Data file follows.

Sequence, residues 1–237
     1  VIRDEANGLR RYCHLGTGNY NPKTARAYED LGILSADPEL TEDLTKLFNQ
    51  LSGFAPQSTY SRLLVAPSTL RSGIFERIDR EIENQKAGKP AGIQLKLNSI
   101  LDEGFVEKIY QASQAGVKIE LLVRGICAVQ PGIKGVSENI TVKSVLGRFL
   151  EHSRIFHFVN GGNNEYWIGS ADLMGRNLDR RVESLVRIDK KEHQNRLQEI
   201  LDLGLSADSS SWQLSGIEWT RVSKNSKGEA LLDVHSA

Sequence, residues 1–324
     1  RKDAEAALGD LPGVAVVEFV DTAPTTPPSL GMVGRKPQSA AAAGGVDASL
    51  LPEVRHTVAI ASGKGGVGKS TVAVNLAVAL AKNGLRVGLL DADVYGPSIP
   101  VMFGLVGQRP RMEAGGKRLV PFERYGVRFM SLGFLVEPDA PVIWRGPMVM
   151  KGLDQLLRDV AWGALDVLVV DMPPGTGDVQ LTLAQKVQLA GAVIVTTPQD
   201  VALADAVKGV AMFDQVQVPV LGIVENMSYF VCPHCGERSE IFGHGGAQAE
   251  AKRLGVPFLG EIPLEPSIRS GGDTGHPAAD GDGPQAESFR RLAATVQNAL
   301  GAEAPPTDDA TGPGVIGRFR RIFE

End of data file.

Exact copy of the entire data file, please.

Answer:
Sequence, residues 1–237
     1  VIRDEANGLR RYCHLGTGNY NPKTARAYED LGILSADPEL TEDLTKLFNQ
    51  LSGFAPQSTY SRLLVAPSTL RSGIFERIDR EIENQKAGKP AGIQLKLNSI
   101  LDEGFVEKIY QASQAGVKIE LLVRGICAVQ PGIKGVSENI TVKSVLGRFL
   151  EHSRIFHFVN GGNNEYWIGS ADLMGRNLDR RVESLVRIDK KEHQNRLQEI
   201  LDLGLSADSS SWQLSGIEWT RVSKNSKGEA LLDVHSA

Sequence, residues 1–324
     1  RKDAEAALGD LPGVAVVEFV DTAPTTPPSL GMVGRKPQSA AAAGGVDASL
    51  LPEVRHTVAI ASGKGGVGKS TVAVNLAVAL AKNGLRVGLL DADVYGPSIP
   101  VMFGLVGQRP RMEAGGKRLV PFERYGVRFM SLGFLVEPDA PVIWRGPMVM
   151  KGLDQLLRDV AWGALDVLVV DMPPGTGDVQ LTLAQKVQLA GAVIVTTPQD
   201  VALADAVKGV AMFDQVQVPV LGIVENMSYF VCPHCGERSE IFGHGGAQAE
   251  AKRLGVPFLG EIPLEPSIRS GGDTGHPAAD GDGPQAESFR RLAATVQNAL
   301  GAEAPPTDDA TGPGVIGRFR RIFE